15 Reviews

BioShock 2

Can Rapture impress a second time?

Following up the truly brilliant BioShock was always going to be an uphill battle for 2K Marin (and friends), and the results here are much what we expected; a structurally excellent sequel which never really reaches the heights of the original.

The sequel's biggest dilemma - and attraction - is Rapture. The underwater city is undoubtedly one of the most distinct video game environments ever created, and we'd already explored it, been shocked and surprised by it, and heard much of the tales it has to tell long before Bioshock 2 existed. Revisiting the wrecked dystopia, then, was never going to carry the same impact as it did the first time around - but 2K Marin does a good job trying.

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With Andrew Ryan dead and the city left to rot for a decade on the seabed, the late pioneer has had control of Rapture seized by his biggest political rival, ex-psychiatrist Sophia Lamb.

Lamb is basically the anti-Ryan; where he sought to build a society of objectivism and individual reward, the new boss believes in the greater good of a united society, sacrificing the self in name of the larger cause. Like most desperate societies, Rapture's mutilated citizens have turned to a religion of sorts - which goes under the moniker of 'The Family'.

You take control of another special member of the Rapture population, Delta - a prototype Big Daddy with plasmid abilities. As a very special Daddy, Delta was paired with a very special Little Sister before Rapture's ugly downfall - the daughter of Lamb herself.

When the big man wakes in a puddle after a ten year slumber, his sole motivation is to be reunited with his Little Sister - and he'll disrupt Rapture's precious Adam-splicing ecosystem as much as he has to so he can achieve his goal.

The sequel's premise is pretty simple, then - and admittedly doesn't carry the same sense of mystery as Jack's discovery of Rapture. But 2K Marin has done a wonderful job of weaving a deep and thoughtful narrative through the follow-up that, plot twists aside, stands tall alongside the original game.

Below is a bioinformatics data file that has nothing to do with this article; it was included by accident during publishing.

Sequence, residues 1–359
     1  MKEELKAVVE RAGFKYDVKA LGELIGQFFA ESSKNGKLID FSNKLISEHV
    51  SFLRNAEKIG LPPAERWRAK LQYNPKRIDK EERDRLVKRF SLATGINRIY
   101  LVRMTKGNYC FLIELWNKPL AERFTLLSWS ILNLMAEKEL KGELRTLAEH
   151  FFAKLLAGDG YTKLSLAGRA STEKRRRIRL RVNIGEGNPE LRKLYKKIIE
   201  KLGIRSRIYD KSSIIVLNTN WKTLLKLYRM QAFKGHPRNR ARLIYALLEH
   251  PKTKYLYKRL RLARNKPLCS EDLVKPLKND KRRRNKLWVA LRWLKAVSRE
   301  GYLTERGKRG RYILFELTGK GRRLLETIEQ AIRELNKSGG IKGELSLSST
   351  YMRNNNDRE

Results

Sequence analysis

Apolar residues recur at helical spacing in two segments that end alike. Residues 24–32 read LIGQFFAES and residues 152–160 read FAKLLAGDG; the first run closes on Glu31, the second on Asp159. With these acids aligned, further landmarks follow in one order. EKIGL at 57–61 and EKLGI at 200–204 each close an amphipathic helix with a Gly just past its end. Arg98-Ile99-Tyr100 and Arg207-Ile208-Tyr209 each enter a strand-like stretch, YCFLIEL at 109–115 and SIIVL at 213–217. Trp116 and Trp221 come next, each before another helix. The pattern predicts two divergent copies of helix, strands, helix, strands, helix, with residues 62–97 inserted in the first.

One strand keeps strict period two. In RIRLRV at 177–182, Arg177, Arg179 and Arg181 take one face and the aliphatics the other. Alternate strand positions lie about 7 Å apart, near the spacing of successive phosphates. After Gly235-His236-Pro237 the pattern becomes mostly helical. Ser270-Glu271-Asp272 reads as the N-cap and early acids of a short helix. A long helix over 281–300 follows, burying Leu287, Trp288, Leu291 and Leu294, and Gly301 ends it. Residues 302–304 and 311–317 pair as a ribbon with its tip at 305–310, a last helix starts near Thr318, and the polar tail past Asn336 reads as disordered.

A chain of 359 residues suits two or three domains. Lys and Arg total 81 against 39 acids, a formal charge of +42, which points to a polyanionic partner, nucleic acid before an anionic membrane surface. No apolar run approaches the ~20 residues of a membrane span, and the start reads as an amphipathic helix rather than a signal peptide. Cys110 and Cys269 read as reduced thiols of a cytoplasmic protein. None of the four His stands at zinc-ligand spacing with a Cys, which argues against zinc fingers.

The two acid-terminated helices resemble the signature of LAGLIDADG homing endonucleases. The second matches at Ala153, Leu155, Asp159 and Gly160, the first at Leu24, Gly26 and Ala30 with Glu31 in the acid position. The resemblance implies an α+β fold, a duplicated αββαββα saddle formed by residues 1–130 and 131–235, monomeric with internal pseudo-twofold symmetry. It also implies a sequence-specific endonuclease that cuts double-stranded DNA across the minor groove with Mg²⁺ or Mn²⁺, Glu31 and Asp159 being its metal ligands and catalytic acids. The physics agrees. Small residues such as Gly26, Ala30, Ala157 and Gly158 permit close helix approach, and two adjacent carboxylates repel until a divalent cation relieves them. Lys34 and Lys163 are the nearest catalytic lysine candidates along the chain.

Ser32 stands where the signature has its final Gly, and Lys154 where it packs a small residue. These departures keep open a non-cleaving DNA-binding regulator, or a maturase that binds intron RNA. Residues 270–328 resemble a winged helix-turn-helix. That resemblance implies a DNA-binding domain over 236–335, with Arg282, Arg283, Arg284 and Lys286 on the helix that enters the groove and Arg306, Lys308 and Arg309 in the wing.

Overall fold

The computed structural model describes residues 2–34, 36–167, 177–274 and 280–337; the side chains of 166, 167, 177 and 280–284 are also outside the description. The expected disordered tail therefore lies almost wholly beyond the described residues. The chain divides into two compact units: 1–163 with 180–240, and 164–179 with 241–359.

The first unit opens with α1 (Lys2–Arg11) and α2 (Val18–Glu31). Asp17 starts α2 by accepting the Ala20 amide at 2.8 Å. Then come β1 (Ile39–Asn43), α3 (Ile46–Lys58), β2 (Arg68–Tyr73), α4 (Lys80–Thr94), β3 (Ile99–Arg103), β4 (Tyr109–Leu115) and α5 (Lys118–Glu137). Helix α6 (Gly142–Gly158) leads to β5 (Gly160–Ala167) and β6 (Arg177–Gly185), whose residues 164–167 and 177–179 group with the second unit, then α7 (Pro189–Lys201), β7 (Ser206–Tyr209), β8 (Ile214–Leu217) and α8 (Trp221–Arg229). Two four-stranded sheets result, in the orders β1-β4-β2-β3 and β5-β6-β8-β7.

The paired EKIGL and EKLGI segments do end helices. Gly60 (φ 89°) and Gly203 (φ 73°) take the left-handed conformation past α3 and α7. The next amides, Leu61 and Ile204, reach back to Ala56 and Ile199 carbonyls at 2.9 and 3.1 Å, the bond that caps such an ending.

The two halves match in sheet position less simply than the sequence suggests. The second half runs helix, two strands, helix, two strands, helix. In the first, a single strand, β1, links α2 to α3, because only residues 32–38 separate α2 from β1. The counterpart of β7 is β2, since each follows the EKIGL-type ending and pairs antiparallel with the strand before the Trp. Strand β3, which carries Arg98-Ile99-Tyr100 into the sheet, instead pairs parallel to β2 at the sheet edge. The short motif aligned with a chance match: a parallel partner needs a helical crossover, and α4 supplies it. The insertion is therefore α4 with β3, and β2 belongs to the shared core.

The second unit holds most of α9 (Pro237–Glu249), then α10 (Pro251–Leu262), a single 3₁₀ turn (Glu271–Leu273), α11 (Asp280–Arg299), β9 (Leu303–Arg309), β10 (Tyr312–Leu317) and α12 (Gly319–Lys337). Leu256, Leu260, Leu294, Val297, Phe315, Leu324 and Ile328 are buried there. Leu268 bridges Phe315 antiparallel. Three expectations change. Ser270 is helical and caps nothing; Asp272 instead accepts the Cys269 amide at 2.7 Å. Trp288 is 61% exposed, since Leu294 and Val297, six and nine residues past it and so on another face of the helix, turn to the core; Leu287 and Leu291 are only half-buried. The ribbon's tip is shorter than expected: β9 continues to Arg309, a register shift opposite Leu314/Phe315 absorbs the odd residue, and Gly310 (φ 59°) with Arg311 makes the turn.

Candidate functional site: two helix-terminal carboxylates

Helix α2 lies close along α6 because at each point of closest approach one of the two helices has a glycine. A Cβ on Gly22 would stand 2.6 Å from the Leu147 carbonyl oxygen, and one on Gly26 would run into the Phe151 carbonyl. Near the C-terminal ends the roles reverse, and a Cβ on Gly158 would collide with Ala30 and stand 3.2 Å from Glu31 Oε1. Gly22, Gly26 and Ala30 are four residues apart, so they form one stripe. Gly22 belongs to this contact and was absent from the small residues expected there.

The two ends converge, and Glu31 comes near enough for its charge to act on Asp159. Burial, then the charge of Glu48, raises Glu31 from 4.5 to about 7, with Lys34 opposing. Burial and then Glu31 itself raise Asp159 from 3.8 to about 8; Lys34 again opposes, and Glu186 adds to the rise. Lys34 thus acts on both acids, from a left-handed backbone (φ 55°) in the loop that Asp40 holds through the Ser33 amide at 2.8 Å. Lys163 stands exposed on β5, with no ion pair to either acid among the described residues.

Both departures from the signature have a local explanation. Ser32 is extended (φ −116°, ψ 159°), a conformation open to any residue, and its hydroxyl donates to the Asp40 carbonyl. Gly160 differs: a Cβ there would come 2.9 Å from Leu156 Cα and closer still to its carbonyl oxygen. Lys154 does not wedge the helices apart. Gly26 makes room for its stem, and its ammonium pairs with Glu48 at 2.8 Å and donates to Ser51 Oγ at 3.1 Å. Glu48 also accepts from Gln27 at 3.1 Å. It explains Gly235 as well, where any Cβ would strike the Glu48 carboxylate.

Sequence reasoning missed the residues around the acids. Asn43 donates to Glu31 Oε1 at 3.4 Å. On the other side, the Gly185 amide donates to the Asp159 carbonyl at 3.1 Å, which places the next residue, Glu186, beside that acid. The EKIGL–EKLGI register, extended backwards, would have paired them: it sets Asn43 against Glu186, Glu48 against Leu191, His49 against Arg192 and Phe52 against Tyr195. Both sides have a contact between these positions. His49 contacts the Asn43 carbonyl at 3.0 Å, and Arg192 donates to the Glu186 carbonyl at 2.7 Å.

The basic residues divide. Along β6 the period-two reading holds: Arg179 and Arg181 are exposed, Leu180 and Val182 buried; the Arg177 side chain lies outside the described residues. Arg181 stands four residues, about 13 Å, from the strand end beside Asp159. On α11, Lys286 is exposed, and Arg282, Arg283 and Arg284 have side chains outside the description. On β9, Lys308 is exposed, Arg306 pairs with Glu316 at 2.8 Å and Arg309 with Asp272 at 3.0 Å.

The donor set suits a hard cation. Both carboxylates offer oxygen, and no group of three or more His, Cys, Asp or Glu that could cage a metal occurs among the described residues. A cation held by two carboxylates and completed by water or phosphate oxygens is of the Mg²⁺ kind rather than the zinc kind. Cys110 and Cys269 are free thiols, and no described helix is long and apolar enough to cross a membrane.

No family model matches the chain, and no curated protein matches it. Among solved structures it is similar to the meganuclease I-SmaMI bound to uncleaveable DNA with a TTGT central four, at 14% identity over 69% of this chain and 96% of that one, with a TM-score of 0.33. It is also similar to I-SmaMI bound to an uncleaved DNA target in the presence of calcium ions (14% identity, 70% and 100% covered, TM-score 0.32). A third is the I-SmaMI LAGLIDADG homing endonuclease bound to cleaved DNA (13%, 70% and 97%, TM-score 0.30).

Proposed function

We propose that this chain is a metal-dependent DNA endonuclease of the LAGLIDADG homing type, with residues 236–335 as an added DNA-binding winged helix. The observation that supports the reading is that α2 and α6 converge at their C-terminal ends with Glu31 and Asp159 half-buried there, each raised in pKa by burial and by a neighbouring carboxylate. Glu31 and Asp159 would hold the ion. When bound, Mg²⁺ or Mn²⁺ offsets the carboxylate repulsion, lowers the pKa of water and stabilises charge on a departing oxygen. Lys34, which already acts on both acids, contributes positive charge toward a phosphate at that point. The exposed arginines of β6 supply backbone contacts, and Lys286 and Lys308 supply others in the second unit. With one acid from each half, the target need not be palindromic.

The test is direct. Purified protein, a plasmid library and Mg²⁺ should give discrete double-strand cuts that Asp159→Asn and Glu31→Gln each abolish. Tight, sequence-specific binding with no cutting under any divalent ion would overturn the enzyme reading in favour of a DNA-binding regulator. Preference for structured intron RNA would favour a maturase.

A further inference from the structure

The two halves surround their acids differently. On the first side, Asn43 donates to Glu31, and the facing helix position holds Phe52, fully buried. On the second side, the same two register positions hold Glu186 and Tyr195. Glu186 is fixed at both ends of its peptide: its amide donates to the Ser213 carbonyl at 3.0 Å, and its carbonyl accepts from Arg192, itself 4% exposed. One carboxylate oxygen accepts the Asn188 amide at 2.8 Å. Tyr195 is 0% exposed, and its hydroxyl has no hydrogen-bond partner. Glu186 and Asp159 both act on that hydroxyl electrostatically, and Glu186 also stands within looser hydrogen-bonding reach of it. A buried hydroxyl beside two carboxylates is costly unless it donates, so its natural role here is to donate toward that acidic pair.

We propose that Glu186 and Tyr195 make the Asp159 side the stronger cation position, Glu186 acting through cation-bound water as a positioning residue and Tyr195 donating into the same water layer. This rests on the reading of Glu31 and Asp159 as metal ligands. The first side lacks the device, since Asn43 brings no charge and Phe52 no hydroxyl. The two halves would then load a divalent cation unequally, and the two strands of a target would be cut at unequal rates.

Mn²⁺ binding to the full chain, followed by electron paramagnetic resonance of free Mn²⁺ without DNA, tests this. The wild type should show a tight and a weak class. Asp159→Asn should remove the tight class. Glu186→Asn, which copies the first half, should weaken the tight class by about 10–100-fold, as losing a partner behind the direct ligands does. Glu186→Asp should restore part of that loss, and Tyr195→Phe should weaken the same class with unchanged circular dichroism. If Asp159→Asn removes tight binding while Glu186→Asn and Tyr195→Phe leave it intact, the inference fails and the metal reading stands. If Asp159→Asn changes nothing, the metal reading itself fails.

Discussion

Banter is again presented through radio messages, and this time you make contact with dozens more sane (and insane) survivors - and they're all highlights of the story.

Your main guiding light is Dr. Tenenbaum, who's still alive and safeguarding Little Sisters in the wrecked metropolis. Eventually, you talk with other colourful characters including Plasmid-manufacturer Augustus Sinclair, who helps you on your journey to being reunited with your little friend.


The majority of BioShock 2's characters are fantastically voiced (though there are some dodgy performances) and audio diaries are of excellent quality. 2K Marin offers willing players an even meatier selection of side stories, from Andrew Ryan's decade-old anecdotes to the records of a surface investigator who manages to reach the ruins of Rapture.

Because of this the BioShock universe feels more complete than ever, and level-for-level the sequel has more to offer than the original game. From a derelict train station to a 1950s-esque diner BioShock 2's rock-solid pacing never drops, and each Rapture environment introduces its own unique and interesting encounter with a Sander Cohen-style mentalist.

2K Marin's taken lots of pointers from BioShock 1's best level, and it shows. The game constantly rewards your work with chunks of narrative, whether through another burst of chatter from a mental Vicar, or an audio diary revealing the true intentions of the characters around you.

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